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The Supreme Court on Wednesday heard arguments by a coalition of Republican attorneys general who are seeking to intervene to defend the Trump-era public charge rule — after the Biden administration dropped the legal defense of the rule, and has since sought to introduce a replacement.
More than a dozen Republican attorneys general, led by Arizona’s Mark Brnovich, have sought to defend the 2019 public charge rule, which broadened the definition of “public charge” to include an immigrant who receives one or more designated public benefits for more than 12 months within a 36-month period — and included a substantial number of benefits.
The “public charge” consideration is used when a legal immigrant on a temporary visa seeks permanent legal status, and officials consider whether the immigrant is likely to be reliant on welfare.
Those benefits included in the 2019 rule included Supplemental Security Income (SSI), cash assistance under Temporary Assistance for Needy Families (TANF), as well as most forms of Medicaid and the Supplemental Nutrition Assistance Program (SNAP), commonly known as food stamps.
The Biden administration has since declared the rule not to be in line with the values of the United States and declined to defend it against legal challenges and dropped it. It had previously been blocked from going into effect by a number of appeals courts.
The Republican attorneys general have requested they be allowed to step in and defend the rule. Brnovich, in an interview with Fox News, said he was pleased with how the oral arguments went in his effort to convince the justices that the Biden administration’s abandonment of the legal defense in multiple courts was unprecedented.
“I am happy with our briefing and happy with what happened today in the courtroom,” he said. “I think what was made crystal clear, even from the Biden administration, is that what they did by withdrawing the public charge rule and their sneaky litigation strategy was unprecedented, and I think even the left of center justices recognized that the Department of Justice was doing something unprecedented.”
Brnovich accused the administration of a “strategic surrender” and of colluding with the plaintiffs in the cases.
Reuters reported that liberal and conservative justices on the Supreme Court had questioned why the administration rescinded the policy in the way it did rather than using a formal rulemaking process to replace it — raising the possibility that the administration violated the Administrative Procedures Act. This law has tripped up the Biden administration before, and was how a federal court found that the administration had unlawfully ended the Trump-era “Remain-in-Mexico” policy.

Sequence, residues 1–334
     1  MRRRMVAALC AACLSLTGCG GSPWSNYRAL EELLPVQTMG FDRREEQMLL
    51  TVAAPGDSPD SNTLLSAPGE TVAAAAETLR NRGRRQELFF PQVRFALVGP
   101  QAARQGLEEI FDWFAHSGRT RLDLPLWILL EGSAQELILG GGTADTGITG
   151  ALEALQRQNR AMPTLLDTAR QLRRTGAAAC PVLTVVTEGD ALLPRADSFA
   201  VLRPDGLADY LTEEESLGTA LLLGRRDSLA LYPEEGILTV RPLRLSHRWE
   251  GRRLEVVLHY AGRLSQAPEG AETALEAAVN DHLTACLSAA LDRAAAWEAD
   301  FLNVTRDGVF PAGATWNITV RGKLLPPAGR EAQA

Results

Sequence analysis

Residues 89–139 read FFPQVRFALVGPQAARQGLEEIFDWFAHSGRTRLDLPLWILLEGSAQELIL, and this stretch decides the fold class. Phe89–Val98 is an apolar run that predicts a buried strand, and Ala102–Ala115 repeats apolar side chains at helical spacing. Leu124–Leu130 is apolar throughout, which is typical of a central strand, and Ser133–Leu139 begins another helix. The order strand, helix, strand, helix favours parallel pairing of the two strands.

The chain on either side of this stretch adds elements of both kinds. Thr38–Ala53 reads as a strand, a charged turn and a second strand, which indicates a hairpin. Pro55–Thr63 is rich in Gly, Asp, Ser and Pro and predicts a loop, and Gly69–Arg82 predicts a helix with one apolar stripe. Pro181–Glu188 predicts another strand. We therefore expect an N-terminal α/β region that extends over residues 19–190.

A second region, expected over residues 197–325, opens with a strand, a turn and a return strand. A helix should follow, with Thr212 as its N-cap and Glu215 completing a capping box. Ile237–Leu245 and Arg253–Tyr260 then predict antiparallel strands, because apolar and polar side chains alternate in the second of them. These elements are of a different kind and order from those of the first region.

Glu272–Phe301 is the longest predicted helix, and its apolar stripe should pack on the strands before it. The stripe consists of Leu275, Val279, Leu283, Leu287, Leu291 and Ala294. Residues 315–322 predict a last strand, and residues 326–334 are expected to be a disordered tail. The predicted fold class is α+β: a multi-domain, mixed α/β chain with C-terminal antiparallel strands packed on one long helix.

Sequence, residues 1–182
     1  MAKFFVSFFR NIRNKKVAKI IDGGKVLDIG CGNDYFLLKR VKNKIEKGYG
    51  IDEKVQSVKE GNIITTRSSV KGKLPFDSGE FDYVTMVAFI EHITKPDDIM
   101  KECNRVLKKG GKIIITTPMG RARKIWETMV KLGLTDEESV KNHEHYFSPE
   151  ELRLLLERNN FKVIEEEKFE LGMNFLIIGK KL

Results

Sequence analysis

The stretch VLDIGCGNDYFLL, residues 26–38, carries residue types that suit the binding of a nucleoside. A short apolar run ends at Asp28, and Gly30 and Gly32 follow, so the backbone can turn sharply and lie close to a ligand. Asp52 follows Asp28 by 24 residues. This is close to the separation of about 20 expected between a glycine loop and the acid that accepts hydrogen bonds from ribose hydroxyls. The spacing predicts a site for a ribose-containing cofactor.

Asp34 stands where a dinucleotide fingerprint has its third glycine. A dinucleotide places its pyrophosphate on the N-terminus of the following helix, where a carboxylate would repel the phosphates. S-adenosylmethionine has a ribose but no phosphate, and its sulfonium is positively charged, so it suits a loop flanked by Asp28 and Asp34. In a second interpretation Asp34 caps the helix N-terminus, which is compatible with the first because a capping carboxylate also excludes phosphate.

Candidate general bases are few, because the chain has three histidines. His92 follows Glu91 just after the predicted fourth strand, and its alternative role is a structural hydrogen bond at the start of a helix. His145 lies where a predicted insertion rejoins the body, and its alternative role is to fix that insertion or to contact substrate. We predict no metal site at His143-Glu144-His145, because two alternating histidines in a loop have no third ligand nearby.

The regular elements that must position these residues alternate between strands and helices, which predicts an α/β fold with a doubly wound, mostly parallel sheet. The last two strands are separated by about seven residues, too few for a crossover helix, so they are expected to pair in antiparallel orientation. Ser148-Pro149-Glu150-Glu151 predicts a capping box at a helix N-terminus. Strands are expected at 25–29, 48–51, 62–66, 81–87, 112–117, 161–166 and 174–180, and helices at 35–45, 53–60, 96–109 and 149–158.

However, Reuters also reported that some justices, including conservative Justice Brett Kavanaugh, noted that it is not unusual for administrations to stop defending policies that they oppose.
“I hope the court, I think the court will do the right thing, and allow us to intervene in the case and fully defend the public charge rule,” Brnovich told Fox News.
Meanwhile, the Biden administration announced last week its own public charge rule which would roll back many of the additional benefits that the Trump administration wished to consider. Under the new rule by the Biden administration, SSI, TANF, state, tribal and local cash assistance for income maintenance and “long-term institutionalization at government expense” would still all be considered when officials make a public charge determination.
However, the administration proposes ignoring a range of other taxpayer-funded benefits, which foreign nationals would be able to receive without it ever being held against them on green card applications. Those include SNAP/food stamps, the Children’s Health Insurance Program (CHIP), most Medicaid benefits, housing benefits and transportation vouchers.
“Under this proposed rule, we will return to the historical understanding of the term ‘public charge,’ and individuals will not be penalized for choosing to access the health benefits and other supplemental government services available to them,” Homeland Security Secretary Alejandro Mayorkas said in a statement.
Brnovich said that the rule itself admits that narrowing that definition will lead to increase in costs to states, something that gives them an interest in defending the rule.
“I think this once again demonstrates that the Biden administration is going to use any means necessary and do whatever they have to do to advance a far-left agenda and that’s why it’s so important for people like myself to be fighting to be on offense, to be pushing back against the overreaching federal government,” he said.